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Downsizing in ‘Downsizing’ (‘A life in style’), his most ambitious film to date, Alexander Payne Downsizing (‘Between drinks’, ‘The descendants’) intersects the universes of comedy and science fiction to string together the moral odyssey of a good man – Matt Damon, in the wake of Jack Lemon, close to his work in ‘The Promised Land’ – who must face the mirages of solidarity and chronic selfishness of the Western world. To do this, the character of Damon and his partner (Kristen Wiig), Paul and Audrey, decide to put themselves in the hands of a large corporation that markets in the United States a technology developed by Norwegian scientists that allows a man to be miniaturized up to 1.80m. 12cm. The initial meaning of the project responds to environmental and philanthropic motivations: to reduce the problem of overpopulation –with its corresponding lack of food and excess waste– that threatens to destroy the human species. However, when it comes into contact with the capitalist machinery, technology becomes an escape valve for consumer ardor.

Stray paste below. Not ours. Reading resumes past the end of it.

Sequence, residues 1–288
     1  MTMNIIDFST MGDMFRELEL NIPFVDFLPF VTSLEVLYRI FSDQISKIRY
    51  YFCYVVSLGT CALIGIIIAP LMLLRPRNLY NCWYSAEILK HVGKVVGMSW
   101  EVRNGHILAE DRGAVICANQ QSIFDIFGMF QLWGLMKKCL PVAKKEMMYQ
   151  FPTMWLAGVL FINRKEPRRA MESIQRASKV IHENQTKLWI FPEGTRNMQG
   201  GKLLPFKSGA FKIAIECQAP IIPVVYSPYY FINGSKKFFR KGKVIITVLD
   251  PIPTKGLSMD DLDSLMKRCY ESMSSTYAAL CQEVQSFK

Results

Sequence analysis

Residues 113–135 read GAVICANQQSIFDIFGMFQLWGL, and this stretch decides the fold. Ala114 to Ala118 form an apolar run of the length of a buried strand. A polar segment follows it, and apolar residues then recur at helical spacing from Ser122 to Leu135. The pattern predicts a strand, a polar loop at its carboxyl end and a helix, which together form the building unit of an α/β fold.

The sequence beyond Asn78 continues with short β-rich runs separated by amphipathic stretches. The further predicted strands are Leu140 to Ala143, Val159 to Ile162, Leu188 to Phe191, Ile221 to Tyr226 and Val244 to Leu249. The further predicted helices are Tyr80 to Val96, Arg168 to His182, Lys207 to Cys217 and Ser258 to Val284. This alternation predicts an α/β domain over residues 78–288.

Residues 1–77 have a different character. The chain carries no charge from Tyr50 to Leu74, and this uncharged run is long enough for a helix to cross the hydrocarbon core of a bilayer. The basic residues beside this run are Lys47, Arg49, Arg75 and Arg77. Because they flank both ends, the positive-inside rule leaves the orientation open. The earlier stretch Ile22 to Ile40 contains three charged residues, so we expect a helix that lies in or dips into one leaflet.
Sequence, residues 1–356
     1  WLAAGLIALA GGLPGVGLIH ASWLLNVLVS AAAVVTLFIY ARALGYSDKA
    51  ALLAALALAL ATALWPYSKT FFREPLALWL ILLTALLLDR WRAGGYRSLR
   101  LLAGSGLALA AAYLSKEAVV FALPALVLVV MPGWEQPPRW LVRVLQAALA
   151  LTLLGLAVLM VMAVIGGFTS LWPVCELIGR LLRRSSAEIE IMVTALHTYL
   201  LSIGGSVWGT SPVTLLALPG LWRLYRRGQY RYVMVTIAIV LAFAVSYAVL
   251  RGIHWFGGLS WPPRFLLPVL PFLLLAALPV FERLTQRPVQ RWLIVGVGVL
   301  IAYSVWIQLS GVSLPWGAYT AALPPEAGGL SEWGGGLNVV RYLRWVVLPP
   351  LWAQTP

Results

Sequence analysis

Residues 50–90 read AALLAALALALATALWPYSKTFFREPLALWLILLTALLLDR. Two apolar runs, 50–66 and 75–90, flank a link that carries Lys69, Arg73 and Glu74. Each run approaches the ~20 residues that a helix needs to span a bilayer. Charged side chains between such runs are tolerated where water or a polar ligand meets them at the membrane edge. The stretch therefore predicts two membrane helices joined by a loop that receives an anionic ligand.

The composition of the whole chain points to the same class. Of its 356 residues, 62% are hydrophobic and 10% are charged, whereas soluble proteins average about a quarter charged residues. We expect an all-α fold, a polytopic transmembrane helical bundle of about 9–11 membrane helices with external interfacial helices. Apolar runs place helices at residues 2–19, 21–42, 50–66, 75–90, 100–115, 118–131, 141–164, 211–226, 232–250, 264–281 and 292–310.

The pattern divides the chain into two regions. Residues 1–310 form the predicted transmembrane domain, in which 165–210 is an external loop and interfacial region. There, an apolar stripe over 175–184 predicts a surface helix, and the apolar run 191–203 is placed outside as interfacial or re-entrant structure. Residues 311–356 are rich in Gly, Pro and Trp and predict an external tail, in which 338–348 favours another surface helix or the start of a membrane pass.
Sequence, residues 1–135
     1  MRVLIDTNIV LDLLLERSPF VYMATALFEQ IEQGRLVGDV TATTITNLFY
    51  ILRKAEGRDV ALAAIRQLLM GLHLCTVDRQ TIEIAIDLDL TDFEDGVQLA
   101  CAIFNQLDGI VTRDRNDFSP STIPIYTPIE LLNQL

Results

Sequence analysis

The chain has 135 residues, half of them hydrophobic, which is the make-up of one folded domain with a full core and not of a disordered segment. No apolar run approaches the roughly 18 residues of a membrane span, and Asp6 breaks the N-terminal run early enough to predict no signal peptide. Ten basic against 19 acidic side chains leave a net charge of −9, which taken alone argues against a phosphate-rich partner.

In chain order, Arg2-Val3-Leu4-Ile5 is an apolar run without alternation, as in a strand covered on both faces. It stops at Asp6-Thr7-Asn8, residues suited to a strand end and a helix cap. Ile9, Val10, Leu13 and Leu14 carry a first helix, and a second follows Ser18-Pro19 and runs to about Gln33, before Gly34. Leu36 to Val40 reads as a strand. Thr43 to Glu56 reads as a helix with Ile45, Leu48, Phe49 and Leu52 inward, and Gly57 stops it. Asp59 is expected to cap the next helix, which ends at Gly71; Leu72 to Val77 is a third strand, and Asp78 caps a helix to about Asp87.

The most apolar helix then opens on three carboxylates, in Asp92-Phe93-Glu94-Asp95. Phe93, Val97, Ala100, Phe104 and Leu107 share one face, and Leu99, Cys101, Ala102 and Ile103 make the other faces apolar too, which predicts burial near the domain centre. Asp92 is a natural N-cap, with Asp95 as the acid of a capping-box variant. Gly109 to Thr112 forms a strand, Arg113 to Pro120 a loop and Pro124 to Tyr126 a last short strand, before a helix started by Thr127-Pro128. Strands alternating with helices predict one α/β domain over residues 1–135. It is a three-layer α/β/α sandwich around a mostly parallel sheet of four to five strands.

In the interesting opening section of the bittersweet ‘A Big Life’, Payne brings into play the most naturalistic and sober side of his cinema: we are invited to understand the actions and decisions of Paul and Audrey as the logical response to the aspirations of the Yankee middle class. The underlying themes of the film (the small ambitions of ordinary people, the way in which the consumer society disguises the purest individualism as altruism) find a particularly contained accommodation in the work of a Damon and a Wiig. Only one small episode, in which Neil Patrick Harris and Laura Dern play telemarketing puppets, seems to point to the open cartoon.

Duration: 135 min


IMDb: 5.7